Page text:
From the transformation of how goods are delivered, with the move towards smaller, last-mile urban distribution centres and the rise of self-delivery ‘bots,’ to the opportunities for retailers to partner with mobility providers and provide travellers with en-route entertainment, the future of mobility presents enormous opportunities for the consumer goods & retail sectors.
Click on each of the sections below to understand how emerging mobility trends could impact the consumer goods & retail sectors in the near, medium and long-term future.
Migration to smaller, urban distribution hubs: Consumer demand for faster and more flexible last-mile delivery is driving a transition towards urban distribution hubs, which are more costly. Autonomous vehicles and shared distribution models could help deliver better customer service at a lower cost.
Transitioning logistics fleets to ultra-low emission vehicles (ULEV): Regulation and social expectations are driving the transition to ULEV delivery vehicles. Retail fleets and logistics will need to invest in both vehicles and suitable refuelling infrastructure.
Subscription delivery models for regular delivery of goods: Some online retailers are introducing subscription models for the regular delivery of goods, facilitated by the availability of last-mile delivery and direct-to-consumer models.
Real-time freight brokerage: With many goods transport fleets often running partially full or empty for part of a journey, freight brokerage emerges as a form of shared economy for goods transport. Brokerage platforms could sell excess space on planned deliveries in order to deliver additional revenue and reduce the environmental cost.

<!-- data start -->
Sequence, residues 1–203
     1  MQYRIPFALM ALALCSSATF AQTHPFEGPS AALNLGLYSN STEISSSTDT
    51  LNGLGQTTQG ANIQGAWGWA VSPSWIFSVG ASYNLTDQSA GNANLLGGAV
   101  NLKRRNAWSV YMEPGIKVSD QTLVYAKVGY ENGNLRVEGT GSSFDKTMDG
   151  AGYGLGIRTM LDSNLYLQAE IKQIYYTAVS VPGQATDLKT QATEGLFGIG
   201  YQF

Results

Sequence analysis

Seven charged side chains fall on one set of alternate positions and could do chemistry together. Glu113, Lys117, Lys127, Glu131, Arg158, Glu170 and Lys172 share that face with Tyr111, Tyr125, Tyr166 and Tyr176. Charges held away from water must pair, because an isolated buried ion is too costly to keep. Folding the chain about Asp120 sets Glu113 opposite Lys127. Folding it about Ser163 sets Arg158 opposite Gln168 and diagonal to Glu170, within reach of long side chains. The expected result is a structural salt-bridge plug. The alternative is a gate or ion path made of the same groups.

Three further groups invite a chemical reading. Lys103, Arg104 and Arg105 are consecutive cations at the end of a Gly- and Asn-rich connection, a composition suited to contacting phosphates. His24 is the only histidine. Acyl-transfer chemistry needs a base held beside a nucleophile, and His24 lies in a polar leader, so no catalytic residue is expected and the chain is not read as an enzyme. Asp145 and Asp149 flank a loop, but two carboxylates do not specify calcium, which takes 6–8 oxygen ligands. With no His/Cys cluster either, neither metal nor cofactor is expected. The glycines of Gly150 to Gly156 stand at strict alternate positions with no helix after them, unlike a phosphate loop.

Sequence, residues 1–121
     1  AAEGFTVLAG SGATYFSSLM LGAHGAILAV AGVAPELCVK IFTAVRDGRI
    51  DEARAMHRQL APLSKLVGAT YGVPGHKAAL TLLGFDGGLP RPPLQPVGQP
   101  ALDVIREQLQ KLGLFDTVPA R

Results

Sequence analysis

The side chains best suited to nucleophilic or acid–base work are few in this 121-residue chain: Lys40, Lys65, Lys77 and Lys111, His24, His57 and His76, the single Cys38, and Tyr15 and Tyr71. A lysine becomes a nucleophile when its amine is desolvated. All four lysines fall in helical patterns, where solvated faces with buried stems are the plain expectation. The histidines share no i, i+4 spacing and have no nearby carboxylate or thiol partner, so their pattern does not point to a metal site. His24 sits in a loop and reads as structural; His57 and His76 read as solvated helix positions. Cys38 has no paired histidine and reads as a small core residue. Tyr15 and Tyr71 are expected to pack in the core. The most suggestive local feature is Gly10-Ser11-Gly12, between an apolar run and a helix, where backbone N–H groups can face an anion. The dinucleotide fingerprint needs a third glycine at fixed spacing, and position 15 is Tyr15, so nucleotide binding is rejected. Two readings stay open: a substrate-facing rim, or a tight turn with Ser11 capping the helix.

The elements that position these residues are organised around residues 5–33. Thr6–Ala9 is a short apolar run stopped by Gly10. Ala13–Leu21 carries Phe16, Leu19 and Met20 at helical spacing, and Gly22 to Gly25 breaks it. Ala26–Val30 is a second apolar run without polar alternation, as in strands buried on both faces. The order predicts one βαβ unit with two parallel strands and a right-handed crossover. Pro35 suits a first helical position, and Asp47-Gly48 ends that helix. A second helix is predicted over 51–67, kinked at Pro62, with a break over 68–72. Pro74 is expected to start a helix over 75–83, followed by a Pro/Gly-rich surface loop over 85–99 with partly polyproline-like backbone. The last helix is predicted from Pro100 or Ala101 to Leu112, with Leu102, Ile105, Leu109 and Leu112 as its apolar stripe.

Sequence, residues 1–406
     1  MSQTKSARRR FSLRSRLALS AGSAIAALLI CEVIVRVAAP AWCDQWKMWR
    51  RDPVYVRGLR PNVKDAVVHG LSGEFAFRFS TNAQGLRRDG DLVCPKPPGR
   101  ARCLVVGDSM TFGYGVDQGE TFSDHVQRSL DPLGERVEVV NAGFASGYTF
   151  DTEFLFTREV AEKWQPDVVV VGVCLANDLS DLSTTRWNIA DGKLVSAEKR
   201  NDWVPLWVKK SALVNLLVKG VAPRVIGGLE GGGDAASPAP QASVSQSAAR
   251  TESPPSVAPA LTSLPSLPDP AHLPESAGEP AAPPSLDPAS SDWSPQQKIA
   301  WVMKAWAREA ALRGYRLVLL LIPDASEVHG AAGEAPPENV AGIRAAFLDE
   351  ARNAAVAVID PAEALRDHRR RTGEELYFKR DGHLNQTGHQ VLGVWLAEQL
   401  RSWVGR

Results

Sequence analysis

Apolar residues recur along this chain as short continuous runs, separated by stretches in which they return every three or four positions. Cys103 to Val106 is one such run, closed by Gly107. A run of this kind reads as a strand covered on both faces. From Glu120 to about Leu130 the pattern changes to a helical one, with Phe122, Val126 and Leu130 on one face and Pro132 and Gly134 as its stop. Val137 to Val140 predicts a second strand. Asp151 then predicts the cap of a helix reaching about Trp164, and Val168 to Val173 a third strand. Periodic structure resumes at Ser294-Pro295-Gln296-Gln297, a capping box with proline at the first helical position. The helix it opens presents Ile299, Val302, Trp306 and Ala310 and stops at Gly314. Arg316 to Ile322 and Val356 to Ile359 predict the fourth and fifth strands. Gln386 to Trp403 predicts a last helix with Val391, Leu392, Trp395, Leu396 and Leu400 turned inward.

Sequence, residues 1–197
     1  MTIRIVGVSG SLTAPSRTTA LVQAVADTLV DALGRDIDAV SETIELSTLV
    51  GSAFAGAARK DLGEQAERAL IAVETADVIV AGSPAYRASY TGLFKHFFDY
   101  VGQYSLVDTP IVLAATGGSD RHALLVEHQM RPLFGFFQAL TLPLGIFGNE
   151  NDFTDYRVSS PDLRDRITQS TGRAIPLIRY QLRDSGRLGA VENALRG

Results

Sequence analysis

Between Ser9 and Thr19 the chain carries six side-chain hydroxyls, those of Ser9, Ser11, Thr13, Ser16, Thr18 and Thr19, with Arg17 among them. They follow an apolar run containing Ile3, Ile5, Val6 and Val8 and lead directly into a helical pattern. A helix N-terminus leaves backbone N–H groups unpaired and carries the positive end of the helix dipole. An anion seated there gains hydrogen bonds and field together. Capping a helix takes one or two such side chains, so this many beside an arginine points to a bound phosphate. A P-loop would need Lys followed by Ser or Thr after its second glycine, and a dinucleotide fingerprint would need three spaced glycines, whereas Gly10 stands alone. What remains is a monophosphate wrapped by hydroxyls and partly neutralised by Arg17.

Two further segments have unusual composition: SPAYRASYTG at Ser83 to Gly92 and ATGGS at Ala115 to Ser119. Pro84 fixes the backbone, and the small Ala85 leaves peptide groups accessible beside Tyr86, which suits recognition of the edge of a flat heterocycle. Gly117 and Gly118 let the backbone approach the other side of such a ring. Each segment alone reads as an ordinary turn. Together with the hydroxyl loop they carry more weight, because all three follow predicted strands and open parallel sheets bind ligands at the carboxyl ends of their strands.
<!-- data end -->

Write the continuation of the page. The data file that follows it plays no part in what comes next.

Reverse logistics chain optimisation: While a lot of attention is focussed on the delivery value chain, mobility could also improve the reverse logistics chain for returns, waste and recycling. Adaptable autonomous delivery vehicles could facilitate two-way deliveries, and redistribute goods and returns locally rather than to central distribution centres.
Automation in warehouses: Increasing autonomous vehicle and robotics technology doesn't just help cars on the road. In factories and warehouses, increasingly sophisticated machines are expected to pick, transport and package vehicles with limited human intervention, increasing speed of delivery and reducing cost.
Bundled EV charging on retail sites (replacing fuel stations): Increasing proportion of electric vehicle (EV) drivers will demand on-site charging for retail parking. There is an opportunity to bundle EV charging with other on-site services (e.g. coffee, shopping, deliveries) based upon the anticipated dwell time.
Retail partnerships with mobility providers: Consumer goods companies could partner with mobility providers for in-journey consumption and advertising opportunities. For example, organisations could sell on-board refreshments, allow users to order food en-route to a restaurant, or have drive-bys with fast food and groceries.
Non-fuel retail during EV charging: While EV drivers wait for their cars to charge, they could grab a coffee, take a call, surf the internet, or indulge in some food or light retail while at EV charging hubs and locations. Retail sites are already installing EV chargers as both a sustainability initiative and to attract footfall.
Shared transport for passengers and goods: If future autonomous vehicles can be shared and modular, the same fleet of vehicles could be used for both passenger and goods transport for efficiency.
Direct to boot delivery: Tie-ups between delivery companies, retail and even OEMs have led to trials involving deliveries that can be made directly to your car boot - while parked at the office or in your house, with your permission. The continuation of this in the future might be vehicles that directly drive themselves to pick-up centres to collect your shopping or food - saving you the need to be in the car at all.
Long-haul Autonomous Vehicle (AV) trips provide more time to consume: If AV journeys can free up several hours of driving time for consumers, there could be ample new consumption and retail opportunities, including in-car shopping, food and refreshment services on long-haul trips.
Sidewalk delivery modes: Low-speed sidewalk robots could use sidewalks to deliver food and small goods directly to consumers. Similarly, aerial drones could facilitate light deliveries through windows or ceiling ports for high value items such as medicines, electronics or documents.
Partner, Head of Public Sector Mobility and Trade Lead Partner
KPMG in the UK